Lincoln’s election badly shook the city’s elite. Pro-slavery secessionists “Ran through the street shouting ‘Hurrah for Lincoln,” considering anti-slavery. Politicians and newspaper editorials issued furious demands to quit the Union,, their loud and passionate voices shattering the city’s artificial sense of public calm. “Measured by orations, voices, chatter, and shouts, it was the most sound-filled day in the city’s history,” Smith comments. Whites rushed to enlist in military militias. And soon the city’s leaders turned to Fort Sumter in Charleston Bay. When Major Robert Anderson surrendered the fort the city broke out in “deafening shouts,” the thunder of southern cannon fire celebrated as the start of what the leaders were convinced would be a glorious and triumphant future.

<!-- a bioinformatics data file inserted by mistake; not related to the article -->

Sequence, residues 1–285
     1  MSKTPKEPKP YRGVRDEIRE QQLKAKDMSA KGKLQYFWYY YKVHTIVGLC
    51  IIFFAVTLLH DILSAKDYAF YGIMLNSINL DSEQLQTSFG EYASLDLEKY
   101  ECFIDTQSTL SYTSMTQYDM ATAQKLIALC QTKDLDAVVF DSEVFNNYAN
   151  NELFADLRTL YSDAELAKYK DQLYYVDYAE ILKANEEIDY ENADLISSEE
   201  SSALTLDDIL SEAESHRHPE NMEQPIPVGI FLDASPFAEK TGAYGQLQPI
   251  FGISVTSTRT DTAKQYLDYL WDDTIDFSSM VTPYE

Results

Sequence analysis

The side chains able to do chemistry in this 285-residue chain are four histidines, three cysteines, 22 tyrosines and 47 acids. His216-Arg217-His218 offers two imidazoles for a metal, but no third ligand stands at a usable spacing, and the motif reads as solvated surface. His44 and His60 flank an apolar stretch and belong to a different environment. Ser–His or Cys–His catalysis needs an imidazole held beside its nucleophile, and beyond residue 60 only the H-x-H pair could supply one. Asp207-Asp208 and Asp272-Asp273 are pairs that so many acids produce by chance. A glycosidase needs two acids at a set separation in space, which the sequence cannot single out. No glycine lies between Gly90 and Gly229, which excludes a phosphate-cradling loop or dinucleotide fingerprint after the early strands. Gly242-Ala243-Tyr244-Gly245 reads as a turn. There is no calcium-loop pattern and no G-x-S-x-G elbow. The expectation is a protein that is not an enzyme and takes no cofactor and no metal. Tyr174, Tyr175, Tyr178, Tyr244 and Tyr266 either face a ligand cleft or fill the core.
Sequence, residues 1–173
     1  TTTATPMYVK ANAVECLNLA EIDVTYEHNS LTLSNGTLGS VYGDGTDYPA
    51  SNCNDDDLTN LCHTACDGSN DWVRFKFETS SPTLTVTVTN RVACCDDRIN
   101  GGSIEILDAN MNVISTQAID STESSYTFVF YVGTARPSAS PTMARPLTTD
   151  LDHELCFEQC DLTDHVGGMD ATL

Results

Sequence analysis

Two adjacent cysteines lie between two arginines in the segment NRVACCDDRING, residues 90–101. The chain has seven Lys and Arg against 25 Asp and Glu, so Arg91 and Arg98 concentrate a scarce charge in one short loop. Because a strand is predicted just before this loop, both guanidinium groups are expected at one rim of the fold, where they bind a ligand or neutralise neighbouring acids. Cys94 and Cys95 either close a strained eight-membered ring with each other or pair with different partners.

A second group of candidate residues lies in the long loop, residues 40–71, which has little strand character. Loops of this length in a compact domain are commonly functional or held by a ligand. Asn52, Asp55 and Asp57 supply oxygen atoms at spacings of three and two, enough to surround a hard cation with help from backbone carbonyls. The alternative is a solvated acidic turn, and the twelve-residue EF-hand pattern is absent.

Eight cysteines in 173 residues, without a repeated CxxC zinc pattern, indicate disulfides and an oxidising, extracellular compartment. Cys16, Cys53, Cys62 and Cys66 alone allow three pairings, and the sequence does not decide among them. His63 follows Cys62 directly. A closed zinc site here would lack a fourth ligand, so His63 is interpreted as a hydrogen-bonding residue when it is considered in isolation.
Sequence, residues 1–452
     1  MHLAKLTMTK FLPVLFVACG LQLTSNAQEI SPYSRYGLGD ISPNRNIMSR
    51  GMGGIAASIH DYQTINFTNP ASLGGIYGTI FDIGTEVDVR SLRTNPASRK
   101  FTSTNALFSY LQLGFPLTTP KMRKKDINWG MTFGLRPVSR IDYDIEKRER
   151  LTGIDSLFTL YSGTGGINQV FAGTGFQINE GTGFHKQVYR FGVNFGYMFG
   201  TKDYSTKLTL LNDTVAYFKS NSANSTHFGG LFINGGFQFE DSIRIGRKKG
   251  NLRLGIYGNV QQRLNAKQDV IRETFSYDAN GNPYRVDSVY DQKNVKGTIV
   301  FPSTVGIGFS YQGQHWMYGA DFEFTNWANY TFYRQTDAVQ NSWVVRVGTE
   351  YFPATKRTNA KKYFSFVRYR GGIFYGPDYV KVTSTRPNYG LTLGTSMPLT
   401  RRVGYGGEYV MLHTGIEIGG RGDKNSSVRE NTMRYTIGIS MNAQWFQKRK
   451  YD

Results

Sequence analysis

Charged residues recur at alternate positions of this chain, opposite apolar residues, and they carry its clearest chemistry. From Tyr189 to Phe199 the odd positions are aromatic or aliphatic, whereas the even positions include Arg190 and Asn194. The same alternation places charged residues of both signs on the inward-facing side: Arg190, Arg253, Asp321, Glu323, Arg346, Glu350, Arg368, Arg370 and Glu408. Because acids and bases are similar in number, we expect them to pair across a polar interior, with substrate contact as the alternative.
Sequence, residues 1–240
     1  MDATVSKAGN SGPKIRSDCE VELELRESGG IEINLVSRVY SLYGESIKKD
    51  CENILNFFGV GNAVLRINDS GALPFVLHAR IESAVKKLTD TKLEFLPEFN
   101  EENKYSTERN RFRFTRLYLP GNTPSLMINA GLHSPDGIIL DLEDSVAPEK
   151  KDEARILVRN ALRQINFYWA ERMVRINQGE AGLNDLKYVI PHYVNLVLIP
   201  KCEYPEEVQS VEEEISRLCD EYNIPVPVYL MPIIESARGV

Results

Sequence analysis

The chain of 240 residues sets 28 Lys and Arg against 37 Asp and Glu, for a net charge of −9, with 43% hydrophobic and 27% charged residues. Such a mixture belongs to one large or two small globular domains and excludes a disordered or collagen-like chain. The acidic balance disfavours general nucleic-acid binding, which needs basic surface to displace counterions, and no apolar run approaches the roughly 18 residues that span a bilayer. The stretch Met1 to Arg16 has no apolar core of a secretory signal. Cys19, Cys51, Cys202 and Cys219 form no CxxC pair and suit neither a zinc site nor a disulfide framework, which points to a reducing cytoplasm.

Turning to the war, Smith wonders, “But what was it like to experience Gettysburg?” The town was a mere eight miles from a booming slave trade beyond the Mason-Dixon Line. Residents were aware that the 70,000 Confederate Army of Northern Virginia was coming, to be met by 97,000 Union soldiers of the Army of he Potomac. Charlotte McKay, a Union nurse, wrote that she saw Southern cavalry coming closer, “whose sabers always announce their approach before you hear the tramp of their horses.” When the great battle ensued, the “sight of southern “bayonets glistening in the sun” and the “deafening roar of musketry” shocked civilians. They saw mutilation they had never before seen: “amputated arms and legs dead and horses, wounded and screaming with pain. “Young women of fifteen, whose lives had been shielded from such things, saw men with eyes blows from their sockets, soldiers limping, sometimes crawling from the field of battle. When possible, the dead were buried quickly in shallow graves or left to decay in the intense heat of the July sun, while the wounded were sent into the town where besieged and worn out doctors and nurses, their clothing filthy with the blood and intestines of dead and near-death soldiers of both armies.